Alternatively, transfer the dough to a lightly greased bowl or large measuring cup, cover it, and let it rise for 45 minutes.
While the dough is resting, prepare the topping. Combine 1 cup boiling water with 2 tablespoons baking soda, stirring until the soda is totally (or almost totally) dissolved. Set the mixture aside to cool to lukewarm (or cooler).
Prepare a baking sheet by spraying it with vegetable oil spray, or lining it with parchment paper.
Transfer the dough to a lightly greased work surface, and divide it into six equal pieces; each piece will be about 90g, or 3 1/4 ounces. Shape the pieces into rough logs about 6″ long. Allow the logs to rest, lightly covered, for 15 minutes.
Roll each piece of dough into a 15″ rope, and tie each rope into a knot. Tuck the ends of the rope into the center of the knot to make a round bun.
Pour the baking soda/water into a 9″ round cake pan.
Place the buns in the pan, spooning the water over their tops; leave them in the water for 2 minutes before placing them on the baking sheet. This baking soda “bath” will give the buns a nice, golden-brown color.
Allow the buns to rest in the pan, uncovered, for 30 minutes, while you preheat your oven to 450°F.
Bake the buns for 5 minutes. Tent them lightly with aluminum foil, and bake for an additional 5 to 8 minutes, or until they’re golden brown and feel set on the bottom (when you pull one out of the oven and carefully poke its bottom).
Remove the buns from the oven.
Brush them with melted butter, if desired; this will give them a soft, buttery crust.
Serve immediately; or cool, then wrap in plastic and store at room temperature for several days. Freeze for longer storage.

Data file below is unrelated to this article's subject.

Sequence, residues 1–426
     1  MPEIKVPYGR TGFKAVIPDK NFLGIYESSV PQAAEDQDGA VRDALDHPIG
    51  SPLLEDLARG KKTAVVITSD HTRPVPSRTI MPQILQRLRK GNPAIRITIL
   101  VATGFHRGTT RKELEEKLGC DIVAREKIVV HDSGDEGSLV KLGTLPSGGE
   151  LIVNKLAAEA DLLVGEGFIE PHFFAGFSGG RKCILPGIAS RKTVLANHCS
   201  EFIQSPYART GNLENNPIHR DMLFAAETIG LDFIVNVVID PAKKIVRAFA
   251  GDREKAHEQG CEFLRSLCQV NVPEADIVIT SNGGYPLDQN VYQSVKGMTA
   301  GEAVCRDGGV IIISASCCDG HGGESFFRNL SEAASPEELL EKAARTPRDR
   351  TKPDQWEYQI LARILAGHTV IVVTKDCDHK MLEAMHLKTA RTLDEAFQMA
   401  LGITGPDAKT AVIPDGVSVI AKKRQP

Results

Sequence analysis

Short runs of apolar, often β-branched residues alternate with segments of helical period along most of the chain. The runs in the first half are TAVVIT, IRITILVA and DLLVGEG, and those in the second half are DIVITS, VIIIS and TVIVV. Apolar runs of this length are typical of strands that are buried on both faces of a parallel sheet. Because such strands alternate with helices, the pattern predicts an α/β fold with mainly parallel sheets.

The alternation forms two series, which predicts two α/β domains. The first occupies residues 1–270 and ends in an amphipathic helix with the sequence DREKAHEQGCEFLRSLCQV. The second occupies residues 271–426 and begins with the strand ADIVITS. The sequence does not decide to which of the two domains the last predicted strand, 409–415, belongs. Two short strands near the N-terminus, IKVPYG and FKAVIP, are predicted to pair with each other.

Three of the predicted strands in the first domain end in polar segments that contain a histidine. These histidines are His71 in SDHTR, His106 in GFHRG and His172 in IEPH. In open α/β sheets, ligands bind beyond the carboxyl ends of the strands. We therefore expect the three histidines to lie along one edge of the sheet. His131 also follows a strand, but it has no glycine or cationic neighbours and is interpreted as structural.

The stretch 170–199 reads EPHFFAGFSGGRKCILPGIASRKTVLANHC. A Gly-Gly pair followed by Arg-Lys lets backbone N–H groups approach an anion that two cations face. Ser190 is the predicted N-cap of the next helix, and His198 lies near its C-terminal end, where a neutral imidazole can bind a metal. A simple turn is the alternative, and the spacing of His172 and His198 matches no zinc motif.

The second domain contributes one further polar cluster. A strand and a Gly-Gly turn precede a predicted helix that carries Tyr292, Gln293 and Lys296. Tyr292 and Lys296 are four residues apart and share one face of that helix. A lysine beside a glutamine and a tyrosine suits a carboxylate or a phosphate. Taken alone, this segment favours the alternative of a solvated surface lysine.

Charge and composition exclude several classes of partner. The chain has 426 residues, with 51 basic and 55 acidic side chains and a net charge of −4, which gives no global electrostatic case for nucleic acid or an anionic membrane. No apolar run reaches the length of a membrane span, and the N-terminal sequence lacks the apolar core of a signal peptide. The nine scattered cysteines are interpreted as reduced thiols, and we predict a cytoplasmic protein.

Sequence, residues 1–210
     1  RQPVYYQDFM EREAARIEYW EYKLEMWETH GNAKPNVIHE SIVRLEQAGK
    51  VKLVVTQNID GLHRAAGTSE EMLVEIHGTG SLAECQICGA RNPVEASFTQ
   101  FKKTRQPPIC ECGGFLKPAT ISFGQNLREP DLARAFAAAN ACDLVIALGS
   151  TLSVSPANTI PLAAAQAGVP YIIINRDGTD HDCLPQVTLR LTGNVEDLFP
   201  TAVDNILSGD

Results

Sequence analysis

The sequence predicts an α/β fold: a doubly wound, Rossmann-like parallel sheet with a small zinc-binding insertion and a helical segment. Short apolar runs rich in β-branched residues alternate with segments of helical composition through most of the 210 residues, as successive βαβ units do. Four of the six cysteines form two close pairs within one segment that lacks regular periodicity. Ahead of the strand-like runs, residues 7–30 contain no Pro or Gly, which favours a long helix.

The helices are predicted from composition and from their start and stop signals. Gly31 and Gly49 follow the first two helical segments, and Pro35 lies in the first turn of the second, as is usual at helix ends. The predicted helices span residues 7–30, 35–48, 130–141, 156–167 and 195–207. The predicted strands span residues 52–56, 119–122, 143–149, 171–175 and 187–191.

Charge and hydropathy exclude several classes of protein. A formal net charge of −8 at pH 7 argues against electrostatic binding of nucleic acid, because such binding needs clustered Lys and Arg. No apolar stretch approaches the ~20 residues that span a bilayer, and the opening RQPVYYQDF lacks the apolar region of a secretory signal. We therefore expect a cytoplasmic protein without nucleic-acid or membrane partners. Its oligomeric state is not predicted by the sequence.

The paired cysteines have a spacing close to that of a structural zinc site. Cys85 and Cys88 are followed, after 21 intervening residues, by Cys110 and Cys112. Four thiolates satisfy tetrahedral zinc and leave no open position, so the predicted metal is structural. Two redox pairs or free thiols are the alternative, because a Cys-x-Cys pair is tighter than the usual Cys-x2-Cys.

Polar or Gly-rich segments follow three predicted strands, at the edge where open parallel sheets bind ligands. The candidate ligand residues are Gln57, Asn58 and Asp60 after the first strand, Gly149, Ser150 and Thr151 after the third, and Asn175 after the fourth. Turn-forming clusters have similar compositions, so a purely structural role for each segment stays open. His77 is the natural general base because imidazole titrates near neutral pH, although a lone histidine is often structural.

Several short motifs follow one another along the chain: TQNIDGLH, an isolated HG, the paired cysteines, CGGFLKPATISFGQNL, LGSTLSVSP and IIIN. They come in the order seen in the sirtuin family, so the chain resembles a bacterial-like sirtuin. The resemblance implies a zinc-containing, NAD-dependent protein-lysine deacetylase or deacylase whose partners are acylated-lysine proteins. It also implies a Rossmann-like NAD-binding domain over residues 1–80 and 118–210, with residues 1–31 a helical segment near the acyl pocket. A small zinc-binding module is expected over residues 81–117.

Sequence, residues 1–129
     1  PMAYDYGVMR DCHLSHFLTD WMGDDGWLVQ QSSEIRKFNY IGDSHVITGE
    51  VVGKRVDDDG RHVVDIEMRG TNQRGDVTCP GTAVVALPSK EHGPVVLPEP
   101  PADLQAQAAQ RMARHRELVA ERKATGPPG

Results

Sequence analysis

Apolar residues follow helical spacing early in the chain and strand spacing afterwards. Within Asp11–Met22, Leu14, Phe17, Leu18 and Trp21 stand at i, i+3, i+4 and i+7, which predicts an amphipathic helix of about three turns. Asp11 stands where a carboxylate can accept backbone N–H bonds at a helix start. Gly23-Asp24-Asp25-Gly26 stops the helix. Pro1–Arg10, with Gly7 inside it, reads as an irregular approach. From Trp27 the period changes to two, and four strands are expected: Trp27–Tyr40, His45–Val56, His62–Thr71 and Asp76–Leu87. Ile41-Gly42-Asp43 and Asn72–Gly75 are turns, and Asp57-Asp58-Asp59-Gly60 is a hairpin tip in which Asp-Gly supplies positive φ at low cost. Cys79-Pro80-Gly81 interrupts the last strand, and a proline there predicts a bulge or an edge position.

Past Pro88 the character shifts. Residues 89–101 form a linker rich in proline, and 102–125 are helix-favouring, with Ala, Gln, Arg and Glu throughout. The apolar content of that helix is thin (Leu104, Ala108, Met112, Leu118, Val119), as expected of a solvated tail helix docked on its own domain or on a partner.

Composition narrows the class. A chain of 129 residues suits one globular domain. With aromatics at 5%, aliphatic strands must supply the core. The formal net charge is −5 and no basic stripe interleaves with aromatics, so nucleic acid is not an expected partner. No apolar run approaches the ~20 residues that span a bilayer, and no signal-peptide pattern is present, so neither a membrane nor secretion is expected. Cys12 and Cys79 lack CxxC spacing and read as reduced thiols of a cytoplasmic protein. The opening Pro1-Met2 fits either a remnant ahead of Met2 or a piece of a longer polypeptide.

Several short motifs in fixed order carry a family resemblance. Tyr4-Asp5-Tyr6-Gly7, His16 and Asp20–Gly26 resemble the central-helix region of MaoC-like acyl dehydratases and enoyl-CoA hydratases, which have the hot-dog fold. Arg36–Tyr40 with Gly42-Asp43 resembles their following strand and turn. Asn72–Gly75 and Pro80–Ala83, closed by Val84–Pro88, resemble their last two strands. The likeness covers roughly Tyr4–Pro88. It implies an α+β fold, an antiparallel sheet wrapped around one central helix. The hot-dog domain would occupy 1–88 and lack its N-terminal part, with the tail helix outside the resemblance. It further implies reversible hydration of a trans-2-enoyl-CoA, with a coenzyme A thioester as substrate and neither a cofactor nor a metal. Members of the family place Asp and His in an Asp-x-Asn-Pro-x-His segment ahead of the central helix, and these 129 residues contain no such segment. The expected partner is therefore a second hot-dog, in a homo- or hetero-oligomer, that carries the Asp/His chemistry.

When ready to serve, warm the buns gently on your barbecue grill, if desired.
Split each bun, and fill with boneless grilled chicken, a hamburger, veggie burger, or your favorite grilled treat.
Read, bake, and review (please! – see below) our recipe for Pretzel Sandwich Rolls.
Print just the recipe.
Postscript: This recipe, as originally written, represents many little failures on my part. And, much as I hate to admit to them in print, these failures point out one of the key features of our recipe site: reader reviews.
With a million projects begging for attention, I was in a hurry to get this recipe done and posted online. And in the process, I messed up several steps. Working from an older recipe on our site, I neglected to change a few key pieces: like making six buns, instead of eight. And letting the buns rise a bit before baking.
Thank goodness, the first two reviewers gave this recipe just one star out of a possible five. OUCH! I read what they had to say, looked over the recipe, and sure enough: the problems they’d experienced were due in part to my sloppy recipe writing.
I decided I’d best not only rewrite, but retest the recipe; and in the process found myself making several more tweaks, to yield a better final product.
So, my thanks to reviewers “sam from Boise, Id.” and “lcjmsass from KAF Community.” Sometimes it takes a community to make a successful recipe.